My wife and I have been sending kids off to college for a decade now. We’ve been funding the national education system since the early 1990s. We’ve yet to see a return on our money, save better dinner conversations, but we have learned a few things that might help you, and yours, as school comes back in session.
Even a five-year old can sense when you’re stressed. So you can either expand their privilege bubble by blowing hot air until you’re blue in the face, or you save them a lot of grief and level with them about the hardships of money and how to avoid them.
A list is the key. Going back to school is the time to go through closets, drawers and bedrooms, learning what you have, what you need and what you need more of. Set a budget as a family, and let the kids know what they’re going to miss if (when) they go over budget.
If your state has a sales tax holiday, bring your list. Do not enter any store without knowing what you will get and a clear idea of the store’s best deals. Make a game of it. The kid who beats their budget by the most gets something the other ones don’t get.
Technology helps. An app like Flipp, designed to sort shopping lists and coupons, can teach money-saving habits that last a lifetime. While automated savings apps can do the heavy lifting of financial discipline for your teen.
Bringing the kids into the money game when it comes time to go back to school will cut your stress levels, bring your family closer together, and teach lessons that last a lifetime.
My wife and I both worked for our parents coming up. Our kids both had custodial investment accounts, money we saved together, that they got access to on turning 21. The effect of their seeing “my” money, as opposed to mom and dad’s money, can be electric.
Despite all I’ve read from other journalists, most kids aren’t going to become stock pickers at 13. (I was a weirdo.) Just finding a good mutual fund, with decent returns and minimal management fees, will do wonders. Be consistent. A little each month. Match every dollar if you can.
Now, credit cards. They should get one after they’re earning their own money. This could be the traditional summer job before going back to school, such as mowing lawns or babysitting. Or wait until that first year of college, when you must make their job of meeting a budget real.
The ideal card is one with a long grace period, no annual fee and free credit checks. If you’re going to take any affiliate card, make it one from a store or other merchant that your teen frequents. Make sure you can get a copy of their monthly bill and, whatever the stated interest rate, teach paying it off each month.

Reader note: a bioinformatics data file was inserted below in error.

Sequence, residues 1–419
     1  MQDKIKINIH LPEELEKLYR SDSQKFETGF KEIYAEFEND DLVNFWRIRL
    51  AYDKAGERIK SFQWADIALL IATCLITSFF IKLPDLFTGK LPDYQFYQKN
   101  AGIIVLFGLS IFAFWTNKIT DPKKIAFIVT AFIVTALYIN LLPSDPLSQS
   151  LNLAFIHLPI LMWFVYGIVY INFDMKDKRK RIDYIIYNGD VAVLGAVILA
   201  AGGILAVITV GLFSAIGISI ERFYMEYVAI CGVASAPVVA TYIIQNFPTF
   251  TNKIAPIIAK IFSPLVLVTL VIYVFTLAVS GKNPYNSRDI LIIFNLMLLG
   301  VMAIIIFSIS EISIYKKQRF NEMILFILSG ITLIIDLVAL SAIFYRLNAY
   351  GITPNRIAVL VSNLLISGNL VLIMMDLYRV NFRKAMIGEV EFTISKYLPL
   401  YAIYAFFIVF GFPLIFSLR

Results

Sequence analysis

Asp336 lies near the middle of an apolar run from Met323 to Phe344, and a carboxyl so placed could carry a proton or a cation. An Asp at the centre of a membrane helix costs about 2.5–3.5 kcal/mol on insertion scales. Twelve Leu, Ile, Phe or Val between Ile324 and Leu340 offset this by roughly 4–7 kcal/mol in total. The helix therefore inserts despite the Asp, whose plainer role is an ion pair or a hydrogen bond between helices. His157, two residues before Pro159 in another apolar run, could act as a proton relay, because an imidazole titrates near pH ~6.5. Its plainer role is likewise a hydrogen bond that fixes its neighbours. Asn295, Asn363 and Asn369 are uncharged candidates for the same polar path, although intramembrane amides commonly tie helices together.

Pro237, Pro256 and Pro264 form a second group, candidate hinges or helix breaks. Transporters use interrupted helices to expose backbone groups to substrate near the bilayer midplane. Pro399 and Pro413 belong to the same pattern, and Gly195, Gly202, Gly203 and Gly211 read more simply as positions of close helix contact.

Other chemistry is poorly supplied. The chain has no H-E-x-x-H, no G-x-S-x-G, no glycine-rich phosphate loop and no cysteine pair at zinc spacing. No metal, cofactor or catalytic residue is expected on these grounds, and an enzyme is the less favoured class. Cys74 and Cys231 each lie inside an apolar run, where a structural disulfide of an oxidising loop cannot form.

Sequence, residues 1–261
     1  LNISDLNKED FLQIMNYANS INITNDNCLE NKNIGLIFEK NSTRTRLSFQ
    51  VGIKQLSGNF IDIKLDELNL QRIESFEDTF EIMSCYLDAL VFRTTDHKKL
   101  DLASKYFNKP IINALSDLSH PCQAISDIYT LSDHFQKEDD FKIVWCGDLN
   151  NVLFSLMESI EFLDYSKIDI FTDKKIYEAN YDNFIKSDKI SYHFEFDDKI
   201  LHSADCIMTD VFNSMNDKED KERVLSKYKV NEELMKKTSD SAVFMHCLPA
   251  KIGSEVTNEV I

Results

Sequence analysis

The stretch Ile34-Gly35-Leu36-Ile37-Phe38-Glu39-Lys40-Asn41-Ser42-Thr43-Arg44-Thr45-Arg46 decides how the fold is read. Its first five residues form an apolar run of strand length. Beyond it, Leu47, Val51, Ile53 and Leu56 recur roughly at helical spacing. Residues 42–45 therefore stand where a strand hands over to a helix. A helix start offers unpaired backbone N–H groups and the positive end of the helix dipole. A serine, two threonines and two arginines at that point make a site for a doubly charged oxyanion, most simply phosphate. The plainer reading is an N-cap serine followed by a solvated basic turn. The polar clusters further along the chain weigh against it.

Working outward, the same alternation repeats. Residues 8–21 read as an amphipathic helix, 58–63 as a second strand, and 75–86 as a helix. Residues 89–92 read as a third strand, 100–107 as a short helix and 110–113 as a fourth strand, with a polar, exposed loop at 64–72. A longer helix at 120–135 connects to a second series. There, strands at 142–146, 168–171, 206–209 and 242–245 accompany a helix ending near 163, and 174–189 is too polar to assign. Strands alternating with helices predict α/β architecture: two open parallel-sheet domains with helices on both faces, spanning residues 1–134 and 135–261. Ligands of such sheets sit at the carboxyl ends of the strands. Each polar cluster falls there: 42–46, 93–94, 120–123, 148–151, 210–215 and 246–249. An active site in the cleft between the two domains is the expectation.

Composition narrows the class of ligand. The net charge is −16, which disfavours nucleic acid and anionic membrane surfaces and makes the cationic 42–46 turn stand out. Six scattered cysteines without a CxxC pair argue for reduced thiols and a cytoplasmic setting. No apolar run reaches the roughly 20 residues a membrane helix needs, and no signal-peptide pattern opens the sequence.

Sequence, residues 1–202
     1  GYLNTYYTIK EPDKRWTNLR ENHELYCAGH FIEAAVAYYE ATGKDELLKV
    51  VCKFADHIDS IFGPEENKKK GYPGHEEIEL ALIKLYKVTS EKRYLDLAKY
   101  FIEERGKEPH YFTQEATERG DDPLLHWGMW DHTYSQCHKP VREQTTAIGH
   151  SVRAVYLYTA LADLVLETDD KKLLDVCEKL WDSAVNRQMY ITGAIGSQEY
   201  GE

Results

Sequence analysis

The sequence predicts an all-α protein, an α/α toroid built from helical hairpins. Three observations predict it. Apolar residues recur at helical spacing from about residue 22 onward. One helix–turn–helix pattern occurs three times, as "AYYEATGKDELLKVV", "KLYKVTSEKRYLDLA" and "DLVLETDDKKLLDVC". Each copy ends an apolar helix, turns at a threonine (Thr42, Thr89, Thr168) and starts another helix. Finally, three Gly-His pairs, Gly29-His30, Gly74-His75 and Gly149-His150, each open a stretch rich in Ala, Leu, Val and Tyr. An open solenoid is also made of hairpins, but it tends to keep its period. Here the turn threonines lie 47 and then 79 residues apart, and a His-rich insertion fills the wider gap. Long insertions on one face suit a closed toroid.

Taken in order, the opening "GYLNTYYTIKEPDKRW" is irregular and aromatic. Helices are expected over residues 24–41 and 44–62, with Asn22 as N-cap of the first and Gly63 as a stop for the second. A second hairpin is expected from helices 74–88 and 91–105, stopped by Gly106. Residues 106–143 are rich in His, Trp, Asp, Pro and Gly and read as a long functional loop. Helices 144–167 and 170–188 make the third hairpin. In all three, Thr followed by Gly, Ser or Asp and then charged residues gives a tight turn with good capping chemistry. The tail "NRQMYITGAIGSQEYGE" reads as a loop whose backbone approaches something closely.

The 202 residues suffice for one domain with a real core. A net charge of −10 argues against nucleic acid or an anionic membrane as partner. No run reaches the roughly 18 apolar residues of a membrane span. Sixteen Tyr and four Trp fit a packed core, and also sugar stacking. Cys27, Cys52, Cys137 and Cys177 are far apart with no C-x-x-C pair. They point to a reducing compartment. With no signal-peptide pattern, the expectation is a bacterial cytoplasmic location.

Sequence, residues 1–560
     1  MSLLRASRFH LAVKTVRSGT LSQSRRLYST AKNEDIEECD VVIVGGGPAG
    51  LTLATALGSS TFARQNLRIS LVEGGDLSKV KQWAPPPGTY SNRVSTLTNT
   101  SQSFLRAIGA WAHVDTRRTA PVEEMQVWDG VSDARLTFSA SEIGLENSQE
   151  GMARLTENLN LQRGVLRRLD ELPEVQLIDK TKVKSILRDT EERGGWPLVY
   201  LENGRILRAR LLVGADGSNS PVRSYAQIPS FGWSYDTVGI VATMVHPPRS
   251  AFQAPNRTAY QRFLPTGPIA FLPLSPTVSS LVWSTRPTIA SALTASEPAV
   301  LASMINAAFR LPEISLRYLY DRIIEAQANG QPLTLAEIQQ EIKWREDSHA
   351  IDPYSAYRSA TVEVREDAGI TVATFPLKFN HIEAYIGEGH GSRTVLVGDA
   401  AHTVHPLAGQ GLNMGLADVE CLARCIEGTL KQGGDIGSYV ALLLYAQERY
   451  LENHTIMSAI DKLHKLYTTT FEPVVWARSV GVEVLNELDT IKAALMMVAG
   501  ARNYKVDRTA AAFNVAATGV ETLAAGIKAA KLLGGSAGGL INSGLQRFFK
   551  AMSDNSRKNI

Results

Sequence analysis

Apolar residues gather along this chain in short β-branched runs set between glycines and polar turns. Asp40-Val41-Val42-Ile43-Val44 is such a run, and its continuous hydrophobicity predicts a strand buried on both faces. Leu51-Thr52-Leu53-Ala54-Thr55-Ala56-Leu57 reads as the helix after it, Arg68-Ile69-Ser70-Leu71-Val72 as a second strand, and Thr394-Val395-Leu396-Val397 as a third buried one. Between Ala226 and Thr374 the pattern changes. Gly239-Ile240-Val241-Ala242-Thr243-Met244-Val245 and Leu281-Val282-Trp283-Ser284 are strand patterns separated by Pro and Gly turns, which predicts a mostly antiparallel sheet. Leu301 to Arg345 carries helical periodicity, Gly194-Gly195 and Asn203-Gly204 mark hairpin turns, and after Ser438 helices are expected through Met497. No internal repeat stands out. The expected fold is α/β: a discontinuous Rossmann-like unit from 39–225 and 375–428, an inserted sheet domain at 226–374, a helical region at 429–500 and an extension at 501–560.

You use credit for what you need, not what you want. You need college, you may need a car or a suit for job interviews. The first time a kid gets a credit card bill without the cash to pay it off is a teachable moment. You may be able to pay that off for them, but don’t let the moment pass.
If they money they’re wasting is yours and they go over budget, pull the card, and give them a debit card tied to a banking account with limited funds. Don’t let little stuff slide. It can become big stuff fast.
I was spoiled. I got into a great college out of high school, with enough financial aid to cover it. If you can find one of these golden tickets, grab it. But most kids don’t get that ticket. Mine didn’t. The lesson here is it matters less where you start than where you finish. There’s nothing wrong with community college. My daughter used a good record there to find a sound four-year program. You can cut degree costs by nearly half.
Sure, all that advice about playing hardball on financial aid and considering loans applies, but when it comes to loans, the rules on credit applies. Don’t borrow for something that won’t bring a return. Doctors leave medical schools with huge loan balances. Poets shouldn’t.
Many states have savings plans tied to attending in-state colleges. That’s important, as 68% of people don’t even know college savings plans exist. A 529 plan, for example, can net double the interest of your high-yield savings account, while offering tax benefits that typical savings accounts don’t.
Other states discount tuition for in-state schools for students with good grades. Our son went to college tuition-free for four years while he figured out what he wanted to do. Now we’re glad to pay for his graduate school. He knows his path.
College is when money gets serious. The strain of going back to school and paying for it is useful. I have relatives who had college handed to them, and others who had to find the money themselves. I’d much sooner trust the second group.
Dana Blankenhorn is a financial and technology journalist. He is the author of the historical mystery romance The Reluctant Detective Travels in Time, available now at the Amazon Kindle store. Write him at firstname.lastname@example.org or follow him on Twitter at @danablankenhorn. As of this writing he owned no shares in companies mentioned in this article.